The Poison Pie Publishing House presents:
(link to full text of tetralogy)
How I Survived the Presidency of
Douchebag J. Troglodyte:
A Daily Account
January 1, 2021
We begin this epilogue with a quote from an opinion piece penned after the recent presidential election by a conservative columnist.
The apparent inability of many on the left to entertain the thought that decent human beings might have voted for Trump for sensible reasons—to take one example, the unemployment rate reached record lows before the pandemic hit—amounts to an epic failure to see their fellow Americans with understanding, much less with empathy.*
The purpose of including this quote at the beginning is to acknowledge an awareness of carefully articulated arguments against the collecting of the thoughts that shall come to compose the epic failure of this epilogue.
*Stephens, Brett, "Groupthink Has Left the Left Blind", New York Times, November 16, 2020, full text.
written while listening to: Keiji Haino - unreleased live recording, tracks 1-2 (May 17, 2003, Jerry Jeff, Nishi-Waseda, Tokyo, Japan, digital files)
January 2, 2021
As a contrasting lens, we offer a second quote, written fifty-seven years earlier.
First, I must confess that over the past few years I have been gravely disappointed with the white moderate. I have almost reached the regrettable conclusion that the Negro's great stumbling block in his stride toward freedom is not the White Citizen's Counciler or the Ku Klux Klanner, but the white moderate, who is more devoted to "order" than to justice; who prefers a negative peace which is the absence of tension to a positive peace which is the presence of justice; who constantly says: "I agree with you in the goal you seek, but I cannot agree with your methods of direct action"; who paternalistically believes he can set the timetable for another man's freedom; who lives by a mythical concept of time and who constantly advises the Negro to wait for a "more convenient season." Shallow understanding from people of good will is more frustrating than absolute misunderstanding from people of ill will. Lukewarm acceptance is much more bewildering than outright rejection.*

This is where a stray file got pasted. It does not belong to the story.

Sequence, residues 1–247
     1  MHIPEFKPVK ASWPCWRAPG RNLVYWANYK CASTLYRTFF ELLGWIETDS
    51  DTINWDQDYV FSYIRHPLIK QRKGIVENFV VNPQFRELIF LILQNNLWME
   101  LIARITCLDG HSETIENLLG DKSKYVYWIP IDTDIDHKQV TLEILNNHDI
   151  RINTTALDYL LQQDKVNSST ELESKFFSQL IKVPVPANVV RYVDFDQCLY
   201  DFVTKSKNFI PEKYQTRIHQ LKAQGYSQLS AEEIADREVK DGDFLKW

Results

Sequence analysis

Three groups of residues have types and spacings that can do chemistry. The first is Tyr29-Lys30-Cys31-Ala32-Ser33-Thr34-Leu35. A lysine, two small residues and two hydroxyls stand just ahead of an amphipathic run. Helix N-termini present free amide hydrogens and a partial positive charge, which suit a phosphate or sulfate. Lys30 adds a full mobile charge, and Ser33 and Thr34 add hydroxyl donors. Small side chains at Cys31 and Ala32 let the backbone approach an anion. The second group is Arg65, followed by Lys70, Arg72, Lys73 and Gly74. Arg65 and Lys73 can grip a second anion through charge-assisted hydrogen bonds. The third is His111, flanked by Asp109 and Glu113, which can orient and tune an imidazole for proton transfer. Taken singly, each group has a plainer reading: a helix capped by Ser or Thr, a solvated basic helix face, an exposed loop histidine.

If we take the economic argument at face value, we confront a reality where more than seventy-four million Americans ostensibly put their financial well-being over the sanctity of their fellow citizens and the dignity of their country.
*King Jr. Martin Luther, "Letter from a Birmingham Jail", Birmingham, Alabama, April 16, 1963, full text.
written while listening to: Keiji Haino - unreleased live recording, tracks 3-7 (May 17, 2003, Jerry Jeff, Nishi-Waseda, Tokyo, Japan, digital files)
January 3, 2021
Of course, the ability to make a financial sacrifice for others' gain is greatly facilitated by a personal budget, which includes an allotment for discretionary spending. We are reminded of a quote on this general theme by the trombonist, George Lewis, which is reproduced, in part, below.
I'm trying to avoid the glib statement of universal peace. It's easy to say those things when you are sitting in the belly of the beast, the world's largest, and arguably most rapacious imperialist power, and you have this big job as tenured holder of an endowed chair within that institution. You're differentially enabled and disabled, and you are implicated perhaps in some fairly major crimes, to coincide with some of the successes that you might have personally achieved.*
For those who live paycheck to paycheck and who can rely on no safety net other than that provided by the federal government, the barrier to altruism is quantitatively greater. We accept this argument without caveat.
*Lewis, George E., interviewed by Lloyd Peterson, Music and the Creative Spirit: Innovators in Jazz, Improvisation and the Avant Garde, The Scarecrow Press, Lanham, Maryland, 2006, pp. 155-156.